Nuclear Confrontation: What's Next for Iran?

Iran will face the United Nations Security Council next month over the status of its nuclear program and failure to suspend uranium enrichment work.

The 35-member Board of Governors of the International Atomic Energy Agency (IAEA) voted today 27 to 3, with five abstentions, in favor of a resolution finding that Iran had "many failures and breaches of its obligations" under the Nuclear Nonproliferation Treaty (NPT) and calling on Iran to "re-establish full and sustained suspension of all enrichment-related and reprocessing activities."

Earlier this week, the deputy director general of the IAEA issued a four-page briefing in advance of the emergency board meeting highlighting several unresolved issues of concern to nuclear inspectors and noting that Iran was in possession of technical documents "related to the fabrication of nuclear weapon components."

The IAEA also highlighted research activities that appear to have a "military nuclear dimension." These include tests related to high explosives and the design of a missile re-entry vehicle.

It was the first time an IAEA report so unambiguously reported evidence of nuclear weapons-related research on Iran's part.

Corey Hinderstein, deputy director of the Institute for Science and International Security said, "Iran has refused to clarify these issues that resulted from information the U.S. provided the IAEA last summer, and continues to decide what it will cooperate on, ignoring those issues that tend to strike home and could lead to the exposure of undeclared nuclear weapons activities."

What Happens Next?

Referral of Iran to the Security Council is the first step on a long road to persuading Iran to give up the elements of its nuclear program -- in particular uranium enrichment, which can be used for nuclear weapons.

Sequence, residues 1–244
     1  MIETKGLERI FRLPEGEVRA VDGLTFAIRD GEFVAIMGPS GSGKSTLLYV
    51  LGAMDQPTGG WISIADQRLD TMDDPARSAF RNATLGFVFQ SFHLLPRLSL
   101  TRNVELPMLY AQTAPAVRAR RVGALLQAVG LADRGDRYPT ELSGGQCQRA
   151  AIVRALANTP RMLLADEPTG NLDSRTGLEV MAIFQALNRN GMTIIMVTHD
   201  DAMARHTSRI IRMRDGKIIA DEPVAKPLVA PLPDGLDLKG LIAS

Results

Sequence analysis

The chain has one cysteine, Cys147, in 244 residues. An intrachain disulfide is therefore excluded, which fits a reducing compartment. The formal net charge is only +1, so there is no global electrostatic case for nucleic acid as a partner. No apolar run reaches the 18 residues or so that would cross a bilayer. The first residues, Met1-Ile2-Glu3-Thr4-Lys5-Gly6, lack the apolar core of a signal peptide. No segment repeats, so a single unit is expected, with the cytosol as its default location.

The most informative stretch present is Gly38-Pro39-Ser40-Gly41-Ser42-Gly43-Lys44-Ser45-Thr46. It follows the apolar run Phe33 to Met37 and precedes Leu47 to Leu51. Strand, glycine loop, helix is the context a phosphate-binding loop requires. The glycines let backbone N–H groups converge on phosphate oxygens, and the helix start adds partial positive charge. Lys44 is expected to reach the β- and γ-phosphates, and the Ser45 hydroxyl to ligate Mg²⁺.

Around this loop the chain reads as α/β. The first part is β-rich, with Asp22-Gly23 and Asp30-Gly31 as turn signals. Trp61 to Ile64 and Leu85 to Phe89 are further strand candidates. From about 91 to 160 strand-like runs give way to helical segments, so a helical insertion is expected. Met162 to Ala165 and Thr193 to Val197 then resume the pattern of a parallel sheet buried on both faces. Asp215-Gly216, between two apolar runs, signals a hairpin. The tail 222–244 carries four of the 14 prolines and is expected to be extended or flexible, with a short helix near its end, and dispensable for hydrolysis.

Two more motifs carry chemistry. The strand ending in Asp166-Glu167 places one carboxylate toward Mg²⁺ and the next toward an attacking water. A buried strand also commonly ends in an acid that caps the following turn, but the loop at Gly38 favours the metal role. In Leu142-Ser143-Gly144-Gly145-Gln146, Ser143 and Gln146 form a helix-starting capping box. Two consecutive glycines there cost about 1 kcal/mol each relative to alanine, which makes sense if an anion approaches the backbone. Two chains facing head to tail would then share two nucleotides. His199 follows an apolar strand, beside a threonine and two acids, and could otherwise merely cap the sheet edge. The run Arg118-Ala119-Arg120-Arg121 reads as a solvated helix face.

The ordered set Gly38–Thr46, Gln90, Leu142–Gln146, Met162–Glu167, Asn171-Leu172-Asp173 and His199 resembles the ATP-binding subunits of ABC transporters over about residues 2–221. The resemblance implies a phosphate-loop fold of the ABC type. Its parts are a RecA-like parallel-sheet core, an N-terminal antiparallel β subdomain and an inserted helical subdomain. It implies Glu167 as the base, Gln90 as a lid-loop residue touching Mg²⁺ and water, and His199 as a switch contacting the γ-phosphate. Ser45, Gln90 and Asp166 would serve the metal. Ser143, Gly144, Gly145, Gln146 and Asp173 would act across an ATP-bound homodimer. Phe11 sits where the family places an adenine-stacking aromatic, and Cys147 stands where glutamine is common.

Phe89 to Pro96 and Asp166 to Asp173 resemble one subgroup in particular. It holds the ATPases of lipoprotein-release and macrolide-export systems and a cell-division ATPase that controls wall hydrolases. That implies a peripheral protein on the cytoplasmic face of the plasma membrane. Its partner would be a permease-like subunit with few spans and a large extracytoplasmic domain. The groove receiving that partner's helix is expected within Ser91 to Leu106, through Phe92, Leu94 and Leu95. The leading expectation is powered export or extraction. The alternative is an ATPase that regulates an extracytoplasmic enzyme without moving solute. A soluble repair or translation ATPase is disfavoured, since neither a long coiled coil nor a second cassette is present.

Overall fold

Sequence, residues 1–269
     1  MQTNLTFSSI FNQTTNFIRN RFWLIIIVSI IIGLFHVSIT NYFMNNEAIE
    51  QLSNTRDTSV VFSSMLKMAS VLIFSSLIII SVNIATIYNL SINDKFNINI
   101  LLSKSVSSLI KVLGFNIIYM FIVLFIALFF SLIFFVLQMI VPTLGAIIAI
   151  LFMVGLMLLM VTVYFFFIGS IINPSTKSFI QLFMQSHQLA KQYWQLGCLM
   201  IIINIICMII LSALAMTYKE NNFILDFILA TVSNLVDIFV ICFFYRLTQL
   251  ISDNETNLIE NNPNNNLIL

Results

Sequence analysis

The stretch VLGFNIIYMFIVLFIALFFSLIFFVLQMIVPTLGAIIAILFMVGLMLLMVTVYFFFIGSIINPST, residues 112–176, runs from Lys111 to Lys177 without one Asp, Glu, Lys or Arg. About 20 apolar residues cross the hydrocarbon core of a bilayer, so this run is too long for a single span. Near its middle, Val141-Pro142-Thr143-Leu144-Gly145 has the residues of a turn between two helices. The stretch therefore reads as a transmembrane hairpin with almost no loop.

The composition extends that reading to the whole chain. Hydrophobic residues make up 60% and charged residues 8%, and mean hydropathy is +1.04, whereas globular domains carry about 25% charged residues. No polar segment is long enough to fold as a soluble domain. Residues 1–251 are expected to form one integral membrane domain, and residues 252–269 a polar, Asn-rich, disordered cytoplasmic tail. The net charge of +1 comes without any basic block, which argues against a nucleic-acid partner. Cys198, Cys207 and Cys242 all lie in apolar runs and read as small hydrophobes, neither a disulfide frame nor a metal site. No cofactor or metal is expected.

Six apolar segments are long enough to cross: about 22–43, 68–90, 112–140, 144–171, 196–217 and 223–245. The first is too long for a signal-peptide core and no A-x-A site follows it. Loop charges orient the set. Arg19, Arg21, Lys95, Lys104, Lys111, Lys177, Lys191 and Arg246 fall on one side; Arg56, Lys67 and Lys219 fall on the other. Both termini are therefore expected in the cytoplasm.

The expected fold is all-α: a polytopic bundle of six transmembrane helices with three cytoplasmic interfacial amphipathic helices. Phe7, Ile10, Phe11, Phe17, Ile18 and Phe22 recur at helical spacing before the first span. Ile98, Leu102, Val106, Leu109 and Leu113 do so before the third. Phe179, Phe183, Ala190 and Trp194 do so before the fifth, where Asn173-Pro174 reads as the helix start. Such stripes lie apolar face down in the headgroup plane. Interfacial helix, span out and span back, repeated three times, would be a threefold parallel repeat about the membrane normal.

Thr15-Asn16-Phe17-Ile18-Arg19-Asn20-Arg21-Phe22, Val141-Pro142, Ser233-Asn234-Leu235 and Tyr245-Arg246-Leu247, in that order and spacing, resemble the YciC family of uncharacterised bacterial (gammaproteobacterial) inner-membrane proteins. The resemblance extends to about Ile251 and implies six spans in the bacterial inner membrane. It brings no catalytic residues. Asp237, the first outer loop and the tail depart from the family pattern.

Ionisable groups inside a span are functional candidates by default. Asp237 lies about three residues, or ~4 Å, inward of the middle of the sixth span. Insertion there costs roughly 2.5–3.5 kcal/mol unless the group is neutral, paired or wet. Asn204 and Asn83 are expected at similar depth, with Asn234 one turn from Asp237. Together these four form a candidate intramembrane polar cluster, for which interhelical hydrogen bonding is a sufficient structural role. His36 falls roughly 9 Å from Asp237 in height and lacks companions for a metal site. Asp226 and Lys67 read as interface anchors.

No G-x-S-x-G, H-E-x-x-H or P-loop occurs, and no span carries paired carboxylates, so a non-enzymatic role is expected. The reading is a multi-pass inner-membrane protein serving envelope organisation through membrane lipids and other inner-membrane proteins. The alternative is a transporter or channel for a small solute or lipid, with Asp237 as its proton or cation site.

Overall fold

Initially, the Security Council can be expected to issue statements simply urging Iran to resume the suspension of its enrichment activity. Stronger measures, including sanctions, are not now under consideration.

Shortly after the resolution was adopted, Iran announced it would end "voluntary cooperation" with the IAEA and begin enrichment of uranium.

As a signatory to the NPT, Iran is entitled to a peaceful nuclear energy program, including the enrichment of uranium.

Iran's case raises special concerns, however, because its only nuclear reactor, at Bushehr, will operate using uranium fuel provided by Russia, and there is now at least circumstantial evidence that Iran's nuclear ambitions extend in he direction of a weapons program. Experts also note that the scale of its uranium enrichment facilities is inadequate for the production of fuel for a reactor, but just right for a nuclear weapons program.

Iran currently has 164 centrifuges installed at a pilot-scale facility at Natanz. Until last month, they were under IAEA seal and not operating. Iran began removing the seals on Jan. 10 and has recently begun to test the centrifuges, possibly in preparation for the introduction of fuel that would be enriched.